The Best-Ever Banana Bread Is from This Cult-Favorite Bakery
I’ve lived in Atlanta for most of my life, but my family has strong ties to Boston — it’s my mom’s hometown. But in all of my visits, I’ve yet to try the banana bread from Joanne Chang’s Flour Bakery + Cafe.
For many Boston visitors, however, this bakery is their first stop. Flour’s banana bread has made an impression nationwide, garnering the moniker “famous.” Luckily for me, the bakery released their recipe to the public, which meant I could include it in my search for the very best banana bread.
How to Make Flour Bakery’s Banana Bread
You’ll start by sifting flour, baking soda, cinnamon, and salt together in a mixing bowl. Then you’ll use a stand mixer to whip granulated sugar and a pair of eggs together until lightened to a pale yellow color and increased in volume. With the mixer on low speed, you’ll slowly drizzle in the canola oil. Then you’ll add the remaining wet ingredients: sour cream, vanilla extract, and 3 1/2 very ripe mashed bananas. Finally you’ll fold the flour mixture into the batter by hand with a spatula until completely incorporated, and then pour the batter into a standard loaf pan and bake until golden.
My Honest Review of Flour Bakery’s Banana Bread
When I bake banana bread, it’s a one-bowl affair (or maybe two-bowl), so I was skeptical about the need to use a stand mixer for this recipe. This recipe relies on the vigorous incorporation of air, along with baking soda, to leaven the loaf. The loose, pale batter fills a standard loaf pan to the top — and although I was nervous it would overflow in the oven, the bread baked into a tall, flat loaf that sunk slightly in the center upon cooling. A sunken bread can be caused by variety of reasons, ranging from excessive incorporation of air, an acid-base imbalance, or an overfilled baking pan.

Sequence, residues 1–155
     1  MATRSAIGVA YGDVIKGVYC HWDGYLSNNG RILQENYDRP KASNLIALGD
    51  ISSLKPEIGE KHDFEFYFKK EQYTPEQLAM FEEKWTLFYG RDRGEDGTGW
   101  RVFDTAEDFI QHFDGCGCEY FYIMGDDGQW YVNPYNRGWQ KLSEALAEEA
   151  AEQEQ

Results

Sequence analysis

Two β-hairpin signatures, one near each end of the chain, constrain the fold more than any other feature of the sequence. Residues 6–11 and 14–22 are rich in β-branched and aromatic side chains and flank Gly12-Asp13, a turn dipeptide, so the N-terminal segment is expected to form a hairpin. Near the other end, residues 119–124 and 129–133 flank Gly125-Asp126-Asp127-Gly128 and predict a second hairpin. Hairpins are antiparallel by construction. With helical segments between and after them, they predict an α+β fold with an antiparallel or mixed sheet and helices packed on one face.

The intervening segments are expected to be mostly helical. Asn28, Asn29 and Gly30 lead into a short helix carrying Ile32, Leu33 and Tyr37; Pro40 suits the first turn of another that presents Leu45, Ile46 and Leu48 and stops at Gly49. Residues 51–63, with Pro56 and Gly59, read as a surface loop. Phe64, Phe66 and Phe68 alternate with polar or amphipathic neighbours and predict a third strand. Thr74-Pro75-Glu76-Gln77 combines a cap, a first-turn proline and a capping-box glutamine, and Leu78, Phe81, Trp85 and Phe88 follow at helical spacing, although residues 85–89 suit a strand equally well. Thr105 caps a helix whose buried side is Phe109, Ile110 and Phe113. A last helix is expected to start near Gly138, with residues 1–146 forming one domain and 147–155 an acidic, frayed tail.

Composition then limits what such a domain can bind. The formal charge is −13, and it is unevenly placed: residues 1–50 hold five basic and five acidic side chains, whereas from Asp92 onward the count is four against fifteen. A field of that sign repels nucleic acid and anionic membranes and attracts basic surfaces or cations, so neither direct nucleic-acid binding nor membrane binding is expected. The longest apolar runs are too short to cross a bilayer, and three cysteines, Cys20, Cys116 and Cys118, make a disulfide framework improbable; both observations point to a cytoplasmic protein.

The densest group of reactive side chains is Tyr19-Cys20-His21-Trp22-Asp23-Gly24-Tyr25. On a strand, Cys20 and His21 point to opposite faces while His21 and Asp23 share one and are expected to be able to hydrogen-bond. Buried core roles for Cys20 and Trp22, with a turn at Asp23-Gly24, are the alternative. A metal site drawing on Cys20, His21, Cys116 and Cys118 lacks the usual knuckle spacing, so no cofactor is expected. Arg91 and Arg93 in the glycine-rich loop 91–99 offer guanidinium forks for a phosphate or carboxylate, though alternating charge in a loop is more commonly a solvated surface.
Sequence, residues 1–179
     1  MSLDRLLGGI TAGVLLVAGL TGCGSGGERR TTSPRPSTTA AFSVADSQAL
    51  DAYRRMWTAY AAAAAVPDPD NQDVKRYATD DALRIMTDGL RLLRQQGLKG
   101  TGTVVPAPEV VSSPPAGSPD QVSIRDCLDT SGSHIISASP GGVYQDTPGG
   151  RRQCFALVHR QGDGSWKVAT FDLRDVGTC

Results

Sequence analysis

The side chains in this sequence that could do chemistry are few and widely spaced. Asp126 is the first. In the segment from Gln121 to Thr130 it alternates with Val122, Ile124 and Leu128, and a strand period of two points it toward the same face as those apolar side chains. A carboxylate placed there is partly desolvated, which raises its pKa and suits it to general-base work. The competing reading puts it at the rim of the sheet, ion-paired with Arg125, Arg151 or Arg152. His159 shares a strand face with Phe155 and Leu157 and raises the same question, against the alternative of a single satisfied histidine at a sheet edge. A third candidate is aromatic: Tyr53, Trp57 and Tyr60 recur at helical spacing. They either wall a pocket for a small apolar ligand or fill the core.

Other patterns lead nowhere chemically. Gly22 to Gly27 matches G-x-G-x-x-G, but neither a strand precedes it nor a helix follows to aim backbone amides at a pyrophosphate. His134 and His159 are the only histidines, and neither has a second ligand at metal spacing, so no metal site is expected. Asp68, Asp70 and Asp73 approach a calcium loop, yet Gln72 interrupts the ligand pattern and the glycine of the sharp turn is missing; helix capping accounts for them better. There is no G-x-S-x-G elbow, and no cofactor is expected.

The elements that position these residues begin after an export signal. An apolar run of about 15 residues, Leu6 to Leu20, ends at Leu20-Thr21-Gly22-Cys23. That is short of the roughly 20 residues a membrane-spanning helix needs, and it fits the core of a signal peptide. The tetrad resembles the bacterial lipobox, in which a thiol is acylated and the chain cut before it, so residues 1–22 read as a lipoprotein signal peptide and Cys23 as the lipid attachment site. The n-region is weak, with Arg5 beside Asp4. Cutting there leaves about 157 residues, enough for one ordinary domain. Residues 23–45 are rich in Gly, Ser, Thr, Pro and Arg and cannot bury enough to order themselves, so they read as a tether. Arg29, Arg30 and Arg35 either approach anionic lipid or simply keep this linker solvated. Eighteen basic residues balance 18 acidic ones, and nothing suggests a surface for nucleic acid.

Sunken center aside, Flour Bakery’s banana bread had the lightest texture of those I tested. Using oil instead of butter gives the bread its moist texture. Big banana flavor shines through — a characteristic I attribute to the use of granulated sugar rather than brown sugar, with its molasses undertone. The caramelized top crust offers a nice contrast to the tender, banana-packed interior.
I understand the technical reasons why Flour Bakery uses a stand mixer for the banana bread, but I’m still not convinced that banana breads mixed by machine are significantly superior to hand-mixed.
If You Make Flour Bakery’s Banana Bread
- Don’t over-mix. Incorporating air with vigorous whisking gives this banana bread its lift and light texture. While you don’t have to use a stand mixer to whip the eggs and sugar until light and fluffy, you’ll want to. But don’t think that more is better when it comes to whisking. If you whisk the eggs and sugar beyond the point of turning pale yellow and lightened in texture, you risk a sunken loaf.
- Fill the pan 3/4 full. There’s enough batter to fill a loaf pan to its rim, but for a better bake, stop when it is 3/4 full. While you could tinker with the recipe to reduce the batter yield, a simpler option is to set aside a scant amount of batter and bake a muffin or two! This gives the bread room to rise, and provides extra insurance against sinking.
Overall rating: 7/10
This bread loses points for its slightly sunken center and its need for a stand mixer, but thanks to its bold banana flavor and tender crumb, it wins the top spot.
Have you ever made Flour Bakery’s Banana Bread? Tell us what you thought!